The Androscoggin County town is thrilled to have a dozen Amish families moving in to grow vegetables and make cheese. A dozen Amish families are moving onto a large farm off Leeds Junction Road, creating Maine’s fifth enclave of the simple-living, tradition-minded Christian sect. It’s going to be great said neighbor Nancy Blaisdell, who has lived across the street for more than four decades.
The town’s first selectman, Paul Burgess, said they plan to grow vegetables and make cheese to sell. The Amish themselves, though pleasant and smiling, were mum Thursday about their plans.
Table of Contents
Details about the new plan
The Amish are best-known for avoiding many modern conveniences, including automobiles. On Thursday, two Amish men arrived at the building site for their creamery standing in a wagon pulled by a pickup truck. When it came to a stop, the two men hopped off onto the ground, each carrying a bicycle. Out on the road, a brown and white draft horse pulled a wagon surprisingly fast. Several Amish women guided the horse while a number of children sat with other women behind them, smiling at the cars that cautiously passed.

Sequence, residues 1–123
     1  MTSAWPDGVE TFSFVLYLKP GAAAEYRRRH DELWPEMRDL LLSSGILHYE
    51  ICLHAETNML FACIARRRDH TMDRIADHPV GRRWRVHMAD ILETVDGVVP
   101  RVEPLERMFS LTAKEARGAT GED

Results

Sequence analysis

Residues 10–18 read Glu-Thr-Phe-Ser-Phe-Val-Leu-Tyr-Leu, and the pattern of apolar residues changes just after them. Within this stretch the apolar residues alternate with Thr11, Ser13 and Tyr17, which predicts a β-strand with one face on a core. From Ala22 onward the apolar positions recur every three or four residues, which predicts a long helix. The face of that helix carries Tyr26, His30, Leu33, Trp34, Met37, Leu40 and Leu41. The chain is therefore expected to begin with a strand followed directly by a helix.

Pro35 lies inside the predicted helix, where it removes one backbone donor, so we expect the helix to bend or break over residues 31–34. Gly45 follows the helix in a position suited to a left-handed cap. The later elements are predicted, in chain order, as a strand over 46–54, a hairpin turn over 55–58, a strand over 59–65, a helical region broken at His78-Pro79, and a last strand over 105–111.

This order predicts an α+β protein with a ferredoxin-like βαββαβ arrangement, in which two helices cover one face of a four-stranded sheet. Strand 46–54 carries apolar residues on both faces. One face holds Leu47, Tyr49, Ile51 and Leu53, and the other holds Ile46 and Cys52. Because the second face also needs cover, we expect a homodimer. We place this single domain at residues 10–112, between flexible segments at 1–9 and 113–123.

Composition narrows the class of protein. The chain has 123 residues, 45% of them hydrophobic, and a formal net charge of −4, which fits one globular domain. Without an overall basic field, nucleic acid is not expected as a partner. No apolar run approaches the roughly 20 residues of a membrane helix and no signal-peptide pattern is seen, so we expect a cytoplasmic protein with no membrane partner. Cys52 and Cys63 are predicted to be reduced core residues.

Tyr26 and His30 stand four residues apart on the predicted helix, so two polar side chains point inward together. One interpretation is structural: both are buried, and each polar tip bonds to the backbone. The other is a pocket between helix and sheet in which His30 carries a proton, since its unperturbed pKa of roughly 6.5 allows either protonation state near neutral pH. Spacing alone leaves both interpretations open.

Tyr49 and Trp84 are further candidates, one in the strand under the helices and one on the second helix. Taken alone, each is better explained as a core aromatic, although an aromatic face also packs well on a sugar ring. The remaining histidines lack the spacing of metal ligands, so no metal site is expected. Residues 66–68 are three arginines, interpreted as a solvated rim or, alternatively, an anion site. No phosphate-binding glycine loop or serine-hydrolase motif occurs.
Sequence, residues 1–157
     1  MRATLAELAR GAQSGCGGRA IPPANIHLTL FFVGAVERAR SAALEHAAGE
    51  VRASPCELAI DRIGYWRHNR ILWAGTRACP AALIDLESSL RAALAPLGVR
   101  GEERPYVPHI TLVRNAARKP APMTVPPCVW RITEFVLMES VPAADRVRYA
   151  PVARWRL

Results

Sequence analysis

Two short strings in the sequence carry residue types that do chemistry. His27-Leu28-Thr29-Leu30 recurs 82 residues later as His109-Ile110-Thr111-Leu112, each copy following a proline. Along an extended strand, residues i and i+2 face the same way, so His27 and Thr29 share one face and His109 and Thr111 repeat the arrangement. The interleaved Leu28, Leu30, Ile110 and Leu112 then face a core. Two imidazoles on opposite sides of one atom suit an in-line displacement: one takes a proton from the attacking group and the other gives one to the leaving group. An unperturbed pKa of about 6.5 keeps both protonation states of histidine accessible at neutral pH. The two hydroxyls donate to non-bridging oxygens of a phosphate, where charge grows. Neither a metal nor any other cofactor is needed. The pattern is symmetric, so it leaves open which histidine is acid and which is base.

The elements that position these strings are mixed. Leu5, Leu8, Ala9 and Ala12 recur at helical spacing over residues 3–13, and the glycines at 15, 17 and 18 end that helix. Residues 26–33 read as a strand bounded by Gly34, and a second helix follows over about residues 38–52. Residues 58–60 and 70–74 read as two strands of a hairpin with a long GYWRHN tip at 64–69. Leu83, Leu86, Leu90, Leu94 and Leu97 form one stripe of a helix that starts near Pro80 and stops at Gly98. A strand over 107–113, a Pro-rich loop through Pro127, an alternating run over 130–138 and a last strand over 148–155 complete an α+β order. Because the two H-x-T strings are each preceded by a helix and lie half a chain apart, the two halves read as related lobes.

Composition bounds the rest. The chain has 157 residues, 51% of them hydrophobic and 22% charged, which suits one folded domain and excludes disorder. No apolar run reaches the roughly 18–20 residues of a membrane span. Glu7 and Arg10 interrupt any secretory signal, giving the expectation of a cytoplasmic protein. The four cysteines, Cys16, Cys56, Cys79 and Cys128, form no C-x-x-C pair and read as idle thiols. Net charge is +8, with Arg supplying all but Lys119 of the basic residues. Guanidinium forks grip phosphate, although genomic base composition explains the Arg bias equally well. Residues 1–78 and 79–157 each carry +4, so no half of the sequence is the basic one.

Why expanded to wales?
There are about 250,000 Amish in the United States and Canada, nearly all committed to a rural, humble lifestyle. Few live in New England. Burgess said at least one family is coming from Ohio, which has a number of Amish people, and another from Smyrna, an Aroostook County town where some Amish settled more than two decades ago. Three of the 12 families he expects are already in town, he said, all having arrived this month. Blaisdell said, though, the deal’s been in the works for a while.
What’s the impact of expansion?
Burgess and Blaisdell said the Amish bought the land from Roger Fortin, a longtime farmer who’s been looking for the right buyer since at least 2012 when the Sun Journal wrote about his desire to pass his 350-acre farm to someone who would work the land.